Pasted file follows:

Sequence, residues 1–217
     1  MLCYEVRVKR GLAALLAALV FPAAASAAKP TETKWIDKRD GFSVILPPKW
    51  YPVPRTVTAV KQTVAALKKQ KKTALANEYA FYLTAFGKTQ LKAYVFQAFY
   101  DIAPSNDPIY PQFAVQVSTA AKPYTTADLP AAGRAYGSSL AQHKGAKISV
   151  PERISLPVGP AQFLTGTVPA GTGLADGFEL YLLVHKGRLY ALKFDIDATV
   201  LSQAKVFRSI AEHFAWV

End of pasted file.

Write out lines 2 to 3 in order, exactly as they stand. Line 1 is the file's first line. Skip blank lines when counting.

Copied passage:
     1  MLCYEVRVKR GLAALLAALV FPAAASAAKP TETKWIDKRD GFSVILPPKW
    51  YPVPRTVTAV KQTVAALKKQ KKTALANEYA FYLTAFGKTQ LKAYVFQAFY